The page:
The Worrying Housing Bust; If Home Prices Drop Too Much, the Damage to Consumer Confidence and Spending Won't Be Easily Offset. the Danger: A 2007 Recession

Newsweek, October 16, 2006 | Go to article overview

The Worrying Housing Bust; If Home Prices Drop Too Much, the Damage to Consumer Confidence and Spending Won't Be Easily Offset. the Danger: A 2007 Recession


Byline: Robert J. Samuelson

We are at the endgame for housing. Until recently, our national motto has been "in real estate we trust." Just last week, the Census Bureau reported that median home prices after inflation rose 32 percent from 2000 to 2005. In some places, the gains were huge: 127 percent in San Diego, 110 percent in Los Angeles and 79 percent in New York. But real estate--which has acted as a national piggy bank, with homeowners borrowing and spending against rising house prices--no longer looks so trustworthy. On this, more than falling oil prices or a record Dow, hangs the economy's immediate fate.

The boom sowed its own destruction. Coupled with modestly higher interest rates, rising home values have priced more potential buyers out of the market. In 2003, a family with an income of $40,320 could buy the median-priced existing home of $180,200, estimates the National Association of Realtors. By August 2006, an income of $56,544 was required to buy the median-price home, now costing $225,700. (The assumptions: purchasers make a 20 percent down payment and devote 25 percent of their income to mortgage payments at the prevailing interest rate.)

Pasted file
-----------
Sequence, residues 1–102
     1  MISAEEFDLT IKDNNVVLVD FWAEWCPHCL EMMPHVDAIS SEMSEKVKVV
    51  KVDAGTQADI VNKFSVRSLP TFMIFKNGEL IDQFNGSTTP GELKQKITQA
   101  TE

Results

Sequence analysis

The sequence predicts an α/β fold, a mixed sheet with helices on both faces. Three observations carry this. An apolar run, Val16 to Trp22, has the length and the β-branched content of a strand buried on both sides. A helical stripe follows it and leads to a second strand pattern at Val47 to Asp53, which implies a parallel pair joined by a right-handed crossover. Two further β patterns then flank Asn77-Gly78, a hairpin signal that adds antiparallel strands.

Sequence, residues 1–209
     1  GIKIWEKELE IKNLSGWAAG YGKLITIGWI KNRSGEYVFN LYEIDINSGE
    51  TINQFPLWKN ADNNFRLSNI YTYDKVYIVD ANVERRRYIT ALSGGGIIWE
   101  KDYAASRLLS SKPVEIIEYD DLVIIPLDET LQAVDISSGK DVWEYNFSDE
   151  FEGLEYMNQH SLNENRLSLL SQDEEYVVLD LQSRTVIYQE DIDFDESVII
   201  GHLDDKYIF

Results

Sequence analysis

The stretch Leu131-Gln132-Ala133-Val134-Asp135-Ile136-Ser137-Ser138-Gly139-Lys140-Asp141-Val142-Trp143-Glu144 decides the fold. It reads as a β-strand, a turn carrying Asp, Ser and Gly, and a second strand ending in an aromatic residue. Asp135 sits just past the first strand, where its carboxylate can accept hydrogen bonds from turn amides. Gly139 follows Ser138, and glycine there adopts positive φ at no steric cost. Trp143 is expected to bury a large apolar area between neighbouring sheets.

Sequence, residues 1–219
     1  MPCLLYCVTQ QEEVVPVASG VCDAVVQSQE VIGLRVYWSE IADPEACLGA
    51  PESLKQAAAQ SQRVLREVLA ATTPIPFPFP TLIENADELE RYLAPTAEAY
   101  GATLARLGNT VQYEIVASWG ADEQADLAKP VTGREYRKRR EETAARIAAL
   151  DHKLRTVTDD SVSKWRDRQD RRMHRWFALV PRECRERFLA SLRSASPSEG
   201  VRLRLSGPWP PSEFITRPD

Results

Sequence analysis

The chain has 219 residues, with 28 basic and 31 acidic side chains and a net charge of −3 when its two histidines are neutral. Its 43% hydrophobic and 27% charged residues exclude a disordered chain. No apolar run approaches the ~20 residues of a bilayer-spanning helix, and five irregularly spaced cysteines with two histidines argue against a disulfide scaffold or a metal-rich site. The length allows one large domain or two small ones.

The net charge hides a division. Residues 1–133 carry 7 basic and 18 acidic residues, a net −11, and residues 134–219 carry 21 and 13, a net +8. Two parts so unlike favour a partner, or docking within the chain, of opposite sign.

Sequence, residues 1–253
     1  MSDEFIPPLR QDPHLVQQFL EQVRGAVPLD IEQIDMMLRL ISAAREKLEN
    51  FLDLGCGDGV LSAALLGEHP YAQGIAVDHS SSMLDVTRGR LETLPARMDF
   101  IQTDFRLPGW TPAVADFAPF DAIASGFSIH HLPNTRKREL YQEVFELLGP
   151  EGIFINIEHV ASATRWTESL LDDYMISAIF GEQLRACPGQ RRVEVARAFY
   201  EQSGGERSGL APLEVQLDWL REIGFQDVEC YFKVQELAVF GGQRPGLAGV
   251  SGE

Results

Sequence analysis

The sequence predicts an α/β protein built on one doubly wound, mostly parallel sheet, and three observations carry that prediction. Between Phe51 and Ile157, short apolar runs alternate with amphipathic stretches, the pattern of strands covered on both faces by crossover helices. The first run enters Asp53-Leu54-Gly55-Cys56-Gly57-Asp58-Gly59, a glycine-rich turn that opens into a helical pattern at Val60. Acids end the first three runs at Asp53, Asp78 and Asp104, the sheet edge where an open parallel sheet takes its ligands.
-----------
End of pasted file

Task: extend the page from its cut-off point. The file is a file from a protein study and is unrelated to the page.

With fewer buyers, home construction, sales and prices have weakened. In August, housing starts were 20 percent lower than a year earlier. Last year, sales of new and existing homes totaled almost 8.4 million; next year the NAR expects 7.4 million. Construction workers, real estate agents and mortgage bankers will lose jobs. Consumer spending (computers, cars, vacations) will also suffer, as the borrowing and buying against rising real-estate values subsides. Indeed, the end of the cheap credit that fed the boom means that many borrowers will face higher monthly payments.

Adjustable rate mortgages (ARMs) represent a quarter of the nearly $10 trillion in single-family mortgages, says economist Michael Fratantoni of the Mortgage Bankers Association. ARMs typically change rates annually and are 2 to 2.5 percentage points above, say, a one-year Treasury note. But "hybrid" ARMs made in 2003 and 2004 provided low fixed rates for three to five years; many of these rates are now rising. Consider a borrower with a 4 percent ARM of $200,000 lent in 2003. The monthly payment had been $955, says Fratantoni. Now, the ARM would reset at 7.5 percent; the payment increases to $1,362. Switch to a 30-year fixed-rate loan, and the rate would be 6.25 percent with a $1,164 monthly payment.

To service their loans, some consumers will curb their shopping. …

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